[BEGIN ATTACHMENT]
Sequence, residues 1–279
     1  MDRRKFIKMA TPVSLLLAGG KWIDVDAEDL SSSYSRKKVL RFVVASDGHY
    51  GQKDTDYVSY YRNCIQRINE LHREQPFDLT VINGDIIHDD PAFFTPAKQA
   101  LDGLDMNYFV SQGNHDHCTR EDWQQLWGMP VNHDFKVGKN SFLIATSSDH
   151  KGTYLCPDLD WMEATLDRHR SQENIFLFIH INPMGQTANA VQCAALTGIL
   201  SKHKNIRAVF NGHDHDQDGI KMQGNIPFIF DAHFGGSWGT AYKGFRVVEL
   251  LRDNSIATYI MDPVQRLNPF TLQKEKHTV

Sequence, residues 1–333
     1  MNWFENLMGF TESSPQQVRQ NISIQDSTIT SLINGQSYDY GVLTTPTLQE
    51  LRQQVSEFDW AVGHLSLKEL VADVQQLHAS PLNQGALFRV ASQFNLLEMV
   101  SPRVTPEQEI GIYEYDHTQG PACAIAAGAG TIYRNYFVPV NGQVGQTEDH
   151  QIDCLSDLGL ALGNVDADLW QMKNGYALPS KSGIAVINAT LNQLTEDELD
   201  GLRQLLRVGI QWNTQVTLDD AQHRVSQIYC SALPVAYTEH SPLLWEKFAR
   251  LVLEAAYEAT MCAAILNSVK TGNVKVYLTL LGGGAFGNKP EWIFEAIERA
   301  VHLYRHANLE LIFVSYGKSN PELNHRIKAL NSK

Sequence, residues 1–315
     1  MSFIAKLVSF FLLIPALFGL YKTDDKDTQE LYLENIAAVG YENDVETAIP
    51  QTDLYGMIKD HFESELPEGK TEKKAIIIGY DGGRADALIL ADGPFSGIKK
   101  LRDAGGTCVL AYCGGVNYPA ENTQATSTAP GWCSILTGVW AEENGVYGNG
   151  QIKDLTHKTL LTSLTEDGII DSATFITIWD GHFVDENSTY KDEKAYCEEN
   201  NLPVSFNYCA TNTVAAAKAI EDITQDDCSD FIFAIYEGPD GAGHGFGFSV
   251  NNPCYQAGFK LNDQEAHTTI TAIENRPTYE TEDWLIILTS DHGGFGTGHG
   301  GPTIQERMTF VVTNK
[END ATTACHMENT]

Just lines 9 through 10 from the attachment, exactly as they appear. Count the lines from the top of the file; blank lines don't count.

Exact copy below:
     1  MNWFENLMGF TESSPQQVRQ NISIQDSTIT SLINGQSYDY GVLTTPTLQE
    51  LRQQVSEFDW AVGHLSLKEL VADVQQLHAS PLNQGALFRV ASQFNLLEMV